• Laura Guzman

    Laura Guzman

    Laura is a sixth-year student in the social-personality psychology Ph.D. program at UC Berkeley. Before coming to Berkeley, she worked as a high school math and science teacher at Josephinum Academy in Chicago. Outside of work, Laura spends much time rock climbing and training for triathlons or marathons. As a GGSC fellow, Laura will study the role of culture in shaping 1) people’s judgments of what is appropriate behavior (norm violations), and 2) the behavioral cues that people look for—consciously or subconsciously—to form their judgments of others’ traits (e.g., warmth and competence traits), as well as the implications of such judgments for intergroup relationships.

  • Esther Howe

    Esther Howe is a doctoral candidate in clinical science in the Department of Psychology at UC Berkeley. Esther’s research aims to describe and predict within- and between-day dynamic psychological experiences associated with the onset of chronic post-traumatic stress disorder. As a GGSC research fellow, Esther will investigate the moment-to-moment impact of social support on the post-traumatic stress symptoms of recent survivors of sexual assault. Findings from this work may inform the development of peer-to-peer early interventions for sexual assault survivors. Esther has a B.A. in gender studies from Grinnell College, and M.A. in psychology from UC Berkeley.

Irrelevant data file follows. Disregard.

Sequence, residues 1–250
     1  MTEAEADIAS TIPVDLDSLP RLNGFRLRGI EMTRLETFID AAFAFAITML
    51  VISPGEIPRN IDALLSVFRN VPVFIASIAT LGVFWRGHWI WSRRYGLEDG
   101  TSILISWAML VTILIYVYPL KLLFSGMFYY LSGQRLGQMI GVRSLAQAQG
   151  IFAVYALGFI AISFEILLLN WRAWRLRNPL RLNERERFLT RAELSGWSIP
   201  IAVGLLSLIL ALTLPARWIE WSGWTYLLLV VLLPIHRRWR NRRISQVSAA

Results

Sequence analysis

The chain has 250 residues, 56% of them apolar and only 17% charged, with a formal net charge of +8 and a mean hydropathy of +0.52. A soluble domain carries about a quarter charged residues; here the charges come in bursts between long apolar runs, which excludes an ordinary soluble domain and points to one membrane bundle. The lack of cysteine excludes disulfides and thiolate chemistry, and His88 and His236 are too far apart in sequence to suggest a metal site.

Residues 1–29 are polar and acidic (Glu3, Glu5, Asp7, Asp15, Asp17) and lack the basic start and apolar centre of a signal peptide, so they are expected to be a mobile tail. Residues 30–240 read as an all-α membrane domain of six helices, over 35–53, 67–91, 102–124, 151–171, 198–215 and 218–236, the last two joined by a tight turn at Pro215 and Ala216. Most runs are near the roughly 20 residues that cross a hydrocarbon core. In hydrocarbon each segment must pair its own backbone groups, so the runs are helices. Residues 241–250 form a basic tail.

• Martha Ortega-Mendoza

    Martha Ortega-Mendoza

    Martha Ortega Mendoza is a doctoral candidate at the Berkeley School of Education. She holds a B.A. in Latin American and Latino studies from UC Santa Cruz, and an M.A. in education from UC Berkeley. Martha is interested in questions around graduate education, in particular, the day-to-day experiences of first-generation, low-income, and undocumented graduate students. Her dissertation builds on the scholarship focused on undocumented students by uplifting the academic, campus climate, and financial experiences of undocumented Latinx graduate students. In her spare time, Martha loves to visit different coffee shops and restaurants with her partner.

  • Eli Susman

    Eli Susman

    Eli Susman is a clinical science Ph.D. student in Professor Allison Harvey’s Lab at UC Berkeley. Eli aims to develop efficient and accessible interventions by leveraging the wisdom and science of contemplative practice and the science of habit formation to foster compassion and freedom from human suffering. As a GGSC research fellow, his team will test whether self-compassionate touch plus evidence-based tools for promoting habit formation is superior to self-compassionate touch alone and whether improved outcomes result from strengthened practice habits. Results may inform cost-effective methods to improve outcomes of self-compassionate touch and of contemplative practices more broadly.